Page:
https://arctichealth.org/en/permalink/ahliterature75583
Source
Mikrobiol Z. 1997 Nov-Dec;59(6):43-9
Publication Type
Article
Author
I B Sorokulova
Author Affiliation
Institute of Microbiology and Virology, National Academy of Sciences of Ukraine, Kyiv.
Source
Mikrobiol Z. 1997 Nov-Dec;59(6):43-9
Language
Russian
Publication Type
Article
Keywords
Animals
Antibiosis - drug effects
Bacillus cereus
Bacillus subtilis
Bacteria - drug effects
Biological Factors - pharmacology - toxicity
Candida - drug effects
Comparative Study
Drug Resistance, Microbial
English Abstract
Humans
Mice
Probiotics - pharmacology - toxicity
Abstract
A new probiotic Biosporin and other commercial biopreparations based on aerobic sporulating bacteria of the Bacillus genus have been comparatively studied for their specific activity and safety. It has been established that only Biosporin is characterized by expressed antagonistic activity in respect to a wide range of pathogenic and conditionally pathogenic microorganisms including those with multiple resistance to antibiotics. Biosporin is also characterized by the absence of any negative action on the organism of animals even in the doses considerably exceeding those recommended for use.
PubMed ID
9511375 View in PubMed
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Activity of macrolides, lincosamines, streptogramins and fluoroquinolones against streptococcus pneumoniae and enterococci isolates from the western hemisphere: example of international surveillance (SENTRY antimicrobial surveillance program )in the development of new drugs.

https://arctichealth.org/en/permalink/ahliterature198751
Source
Braz J Infect Dis. 2000 Feb;4(1):15-21
Publication Type
Article
Date
Feb-2000
Author
M T Lewis
R N Jones
Author Affiliation
Medical Microbiology Division, University of Iowa College of Medicine, Iowa City, Iowa, USA.
Source
Braz J Infect Dis. 2000 Feb;4(1):15-21
Date
Feb-2000
Language
English
Publication Type
Article
Keywords
Amino Sugars - pharmacology
Anti-Bacterial Agents - chemistry - pharmacology
Anti-Infective Agents - pharmacology
Canada
Drug Resistance, Microbial
Enterococcus - drug effects
Fluoroquinolones
Humans
Latin America
Macrolides
Microbial Sensitivity Tests
Sentinel Surveillance
Streptococcus pneumoniae - drug effects
United States
Virginiamycin - pharmacology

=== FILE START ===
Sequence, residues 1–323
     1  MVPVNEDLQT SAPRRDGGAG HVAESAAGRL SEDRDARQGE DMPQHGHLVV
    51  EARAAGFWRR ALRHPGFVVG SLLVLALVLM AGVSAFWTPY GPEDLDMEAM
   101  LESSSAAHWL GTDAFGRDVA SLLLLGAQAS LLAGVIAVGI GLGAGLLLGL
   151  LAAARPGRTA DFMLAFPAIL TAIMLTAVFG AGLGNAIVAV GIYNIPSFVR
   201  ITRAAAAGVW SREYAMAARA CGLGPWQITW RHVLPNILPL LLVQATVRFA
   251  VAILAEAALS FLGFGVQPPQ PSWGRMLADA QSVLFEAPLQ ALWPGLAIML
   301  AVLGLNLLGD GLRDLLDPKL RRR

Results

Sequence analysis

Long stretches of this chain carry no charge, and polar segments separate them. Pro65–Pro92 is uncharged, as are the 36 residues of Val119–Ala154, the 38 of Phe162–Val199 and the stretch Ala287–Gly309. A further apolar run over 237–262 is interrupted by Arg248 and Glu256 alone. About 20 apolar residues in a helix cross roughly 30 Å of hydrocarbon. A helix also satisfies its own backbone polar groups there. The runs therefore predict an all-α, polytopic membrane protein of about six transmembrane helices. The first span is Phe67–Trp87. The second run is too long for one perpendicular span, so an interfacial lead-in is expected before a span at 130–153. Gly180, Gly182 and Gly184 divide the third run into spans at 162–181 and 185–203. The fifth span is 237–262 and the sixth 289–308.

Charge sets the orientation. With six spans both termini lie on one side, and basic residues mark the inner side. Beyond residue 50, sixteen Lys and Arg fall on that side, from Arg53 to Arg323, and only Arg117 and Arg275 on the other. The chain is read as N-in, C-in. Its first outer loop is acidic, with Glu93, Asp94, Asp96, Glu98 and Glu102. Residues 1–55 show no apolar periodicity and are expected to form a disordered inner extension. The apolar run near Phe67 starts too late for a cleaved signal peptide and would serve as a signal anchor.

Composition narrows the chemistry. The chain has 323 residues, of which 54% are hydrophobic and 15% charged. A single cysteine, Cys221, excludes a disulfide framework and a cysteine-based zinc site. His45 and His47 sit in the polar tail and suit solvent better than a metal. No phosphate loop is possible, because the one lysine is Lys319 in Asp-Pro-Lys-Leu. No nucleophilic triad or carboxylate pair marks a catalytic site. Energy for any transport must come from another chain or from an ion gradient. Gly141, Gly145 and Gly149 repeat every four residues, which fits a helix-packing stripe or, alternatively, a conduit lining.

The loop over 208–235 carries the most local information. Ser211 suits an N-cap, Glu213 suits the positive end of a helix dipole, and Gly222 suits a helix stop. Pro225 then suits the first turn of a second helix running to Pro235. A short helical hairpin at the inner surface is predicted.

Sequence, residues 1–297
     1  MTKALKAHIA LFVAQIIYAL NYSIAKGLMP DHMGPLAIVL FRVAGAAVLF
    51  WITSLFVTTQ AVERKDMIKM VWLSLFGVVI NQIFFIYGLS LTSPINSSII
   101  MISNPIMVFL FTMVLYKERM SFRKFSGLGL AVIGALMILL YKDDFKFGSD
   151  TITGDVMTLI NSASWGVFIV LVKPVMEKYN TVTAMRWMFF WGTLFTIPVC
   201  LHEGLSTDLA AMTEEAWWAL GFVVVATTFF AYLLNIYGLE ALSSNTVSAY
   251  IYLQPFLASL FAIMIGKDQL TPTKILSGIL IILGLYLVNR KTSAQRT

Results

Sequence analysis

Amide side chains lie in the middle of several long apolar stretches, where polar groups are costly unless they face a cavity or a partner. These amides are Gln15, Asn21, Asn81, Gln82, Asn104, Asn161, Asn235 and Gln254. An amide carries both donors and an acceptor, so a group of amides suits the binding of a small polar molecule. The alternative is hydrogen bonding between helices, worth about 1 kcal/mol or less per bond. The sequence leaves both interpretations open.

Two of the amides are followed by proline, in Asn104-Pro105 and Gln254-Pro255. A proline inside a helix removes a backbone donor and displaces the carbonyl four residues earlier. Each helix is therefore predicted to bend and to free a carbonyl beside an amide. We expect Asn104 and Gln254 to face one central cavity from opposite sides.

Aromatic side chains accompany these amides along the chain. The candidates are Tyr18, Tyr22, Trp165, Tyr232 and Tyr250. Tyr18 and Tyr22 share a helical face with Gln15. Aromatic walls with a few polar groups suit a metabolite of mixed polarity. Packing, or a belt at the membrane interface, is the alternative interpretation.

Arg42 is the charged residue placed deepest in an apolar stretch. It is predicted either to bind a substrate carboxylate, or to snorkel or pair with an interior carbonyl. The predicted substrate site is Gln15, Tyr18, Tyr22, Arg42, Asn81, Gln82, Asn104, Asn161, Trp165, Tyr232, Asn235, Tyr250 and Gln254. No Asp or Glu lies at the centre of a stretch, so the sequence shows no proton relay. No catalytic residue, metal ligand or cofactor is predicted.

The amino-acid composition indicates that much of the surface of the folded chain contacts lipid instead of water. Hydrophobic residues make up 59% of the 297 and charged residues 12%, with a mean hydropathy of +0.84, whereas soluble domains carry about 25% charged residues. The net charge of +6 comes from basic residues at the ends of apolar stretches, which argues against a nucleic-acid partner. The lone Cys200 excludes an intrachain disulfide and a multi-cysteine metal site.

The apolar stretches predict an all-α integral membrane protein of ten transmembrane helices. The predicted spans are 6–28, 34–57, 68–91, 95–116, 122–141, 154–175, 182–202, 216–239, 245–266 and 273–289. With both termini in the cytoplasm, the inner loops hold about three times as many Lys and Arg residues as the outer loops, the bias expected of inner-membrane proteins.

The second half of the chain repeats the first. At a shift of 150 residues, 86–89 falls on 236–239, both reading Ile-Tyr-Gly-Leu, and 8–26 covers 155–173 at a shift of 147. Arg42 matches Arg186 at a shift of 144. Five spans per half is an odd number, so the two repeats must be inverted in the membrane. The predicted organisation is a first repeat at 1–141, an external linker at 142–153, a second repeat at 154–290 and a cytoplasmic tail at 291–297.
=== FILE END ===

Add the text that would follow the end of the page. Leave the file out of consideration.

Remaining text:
Abstract
Resistance among commonly isolated Gram-positive cocci have compromised the available therapeutic regimens and require structured monitoring at the local, regional, national, and international levels. Two popular treatment classes of antimicrobials (macrolides-lincosamines-streptogramins [MLS], fluoroquinolones) have been tested against 3, 049 isolates of Streptococcus pneumoniae and enterococci from the SENTRY Antimicrobial Surveillance program. The strains were obtained from clinical cases in hospitals in the United States, Canada, and six nations (10 medical centers )in Latin America. MLS and fluoroquinolone compounds had moderate activity against vancomycin-susceptible Enterococcus faecalis only (gatifloxacin, and trovafloxacin MIC(50), 0.5 microg/ml), and quinupristin/dalfopristin was potent only against E.faecium isolates (MIC(90), 1 microg/ml(-2) microg/ml). When tested against pneumococci, gatifloxacin, trovafloxacin, sparfloxacin, and quinupristin/dalfopristin (MIC(90), or =99.8% and 84.7% to 99.1% of strains, respectively. These results from a global resistance monitoring program should encourage rapid drug development. Based on in vitro sensitivity testing, they indicate a promising role for the treatment of emerging resistant Gram-positive cocci. The clinical role for each new agent will depend on safety profiles, rates of administration, and other issues identified during development in the clinical trials process.
PubMed ID
10788841 View in PubMed
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Source
Antibiot Khimioter. 2011;56(3-4):35-40
Publication Type
Article
Date
2011
Author
K P Gruver
V B Beloborodov
T N Kuz'menko
Source
Antibiot Khimioter. 2011;56(3-4):35-40
Date
2011
Language
Russian
Publication Type
Article
Keywords
Acetamides - pharmacology - therapeutic use
Adolescent
Adult
Aged
Aged, 80 and over
Anti-Bacterial Agents - pharmacology - therapeutic use
Carbapenems - pharmacology - therapeutic use
Cephalosporins - pharmacology - therapeutic use
Drug Resistance, Microbial
Enterobacteriaceae - drug effects - isolation & purification
Female
Gram-Negative Bacterial Infections - blood - complications - microbiology
Gram-Positive Bacteria - drug effects - isolation & purification
Gram-Positive Bacterial Infections - blood - complications - microbiology
Hospitals - statistics & numerical data
Humans
Male
Microbial Sensitivity Tests
Middle Aged
Oxazolidinones - pharmacology - therapeutic use
Retrospective Studies
Russia - epidemiology
Sepsis - drug therapy - etiology
Vancomycin - pharmacology - therapeutic use
Abstract